The Career Spinner Activity: Career Crossing in Core Classes

By Carol Johnson

“When will I ever use this?” is a question frequently asked by students. Making a real life connection using careers may help student answer that question within the context of core classes including English, math, science, social studies. If students can connect daily lessons with the world of work, students may see how what they are learning crosses over from classroom curriculum to career. When students see how a musician might use math, a chef uses chemistry and a private pilot uses geography, the curriculum has relevance.


School counselors, career counselors, and classroom educators can incorporate creative career exploration by using career exploration assessments, career guidance lessons and career interest inventories to present the possibilities for students. School newspapers, websites, and newsletters may also wish to feature careers in demand for students to consider. Classroom teachers may want to add an additional section to each unit in the curriculum that includes careers within the content. For example in a geography class, ask students to research a career that would need to know geography such as a GPS programmer, weather forecaster, or a land developer.


The greater variety of careers suggested by the class the more options for career possibilities for the students to explore. Adjusting for age and abilities, this could work for students at elementary, intermediate and middle school levels. Once students have made a list of five to eight careers of interest, they could make a career spinner. Free templates may be found online using a search engine. Students may construct an individual game spinner using a brad and cardboard square similar to the illustration here and then label the colored circle with the careers they have selected.


Career Spinner


Another option for students is to cut a pie wedge picture, use computer clip art, or color a symbol for the occupations. Expanding on the suggested lesson plan, career and school counselors can help educators incorporate the following lessons to build connections with core curriculum. After a teacher finishes a lesson, the students could use their career spinners to spin a career choice. Then the teacher could tie in some questions based on that career. For example, if a classroom teacher finished a lesson on decimal points or fractions, students would be asked to get out their career spinners and spin a career. Then the teacher could ask students to share an example how the career worker might use fractions or decimals on their job spinners. They could even write a math story problem for their classmates to practice. Some additional examples for other core curriculum lessons may include:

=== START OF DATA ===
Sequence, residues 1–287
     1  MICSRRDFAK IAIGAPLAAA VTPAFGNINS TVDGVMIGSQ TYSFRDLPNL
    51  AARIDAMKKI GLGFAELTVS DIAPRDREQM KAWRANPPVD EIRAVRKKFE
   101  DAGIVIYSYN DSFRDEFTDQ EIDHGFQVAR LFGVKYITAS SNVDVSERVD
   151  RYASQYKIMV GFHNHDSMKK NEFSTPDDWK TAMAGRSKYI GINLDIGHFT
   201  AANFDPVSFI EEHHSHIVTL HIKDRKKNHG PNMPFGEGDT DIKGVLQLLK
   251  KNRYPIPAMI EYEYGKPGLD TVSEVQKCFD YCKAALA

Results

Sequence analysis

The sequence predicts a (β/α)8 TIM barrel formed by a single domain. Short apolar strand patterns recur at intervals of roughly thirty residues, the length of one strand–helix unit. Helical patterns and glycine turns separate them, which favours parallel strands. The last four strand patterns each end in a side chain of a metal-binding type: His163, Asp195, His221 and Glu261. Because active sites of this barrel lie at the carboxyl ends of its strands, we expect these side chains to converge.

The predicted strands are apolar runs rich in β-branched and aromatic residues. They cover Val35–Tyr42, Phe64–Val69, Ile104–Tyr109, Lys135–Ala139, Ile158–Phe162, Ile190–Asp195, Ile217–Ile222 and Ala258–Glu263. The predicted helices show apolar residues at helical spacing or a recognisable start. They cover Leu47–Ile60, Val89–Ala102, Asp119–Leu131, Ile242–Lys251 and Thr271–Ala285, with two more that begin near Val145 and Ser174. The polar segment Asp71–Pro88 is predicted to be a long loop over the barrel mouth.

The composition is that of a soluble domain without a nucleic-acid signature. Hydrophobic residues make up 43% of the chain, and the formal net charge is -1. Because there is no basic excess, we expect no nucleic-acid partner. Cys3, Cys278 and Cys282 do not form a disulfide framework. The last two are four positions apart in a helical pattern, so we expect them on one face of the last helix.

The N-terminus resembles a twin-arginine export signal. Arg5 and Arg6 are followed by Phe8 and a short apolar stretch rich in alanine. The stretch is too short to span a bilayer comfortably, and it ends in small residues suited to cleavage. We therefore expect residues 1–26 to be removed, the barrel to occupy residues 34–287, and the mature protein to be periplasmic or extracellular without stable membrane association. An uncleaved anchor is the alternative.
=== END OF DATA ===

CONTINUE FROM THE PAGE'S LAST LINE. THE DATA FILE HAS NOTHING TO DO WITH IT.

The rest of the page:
When students see the connection with direct application of subject matter and problem solving, students may be more engaged in learning. Undecided students may become more aware of opportunities and others may have more incentive to succeed as classes take on more relevance and meaning. When career and school counselors help educators make the career connection when teaching reading, writing, math, science and global perspectives, students may learn more about the jobs available, the training necessary, and the type of people and skills that are needed to become successfully employed in these careers.



Carol JohnsonCarol Johnson, Ph.D. is currently an Assistant Professor teaching in the School Counseling program at the University of Wisconsin-Stout. Dr. Johnson is a former teacher and school counselor. Contact Carol at johnsoncaro@uwstout.edu


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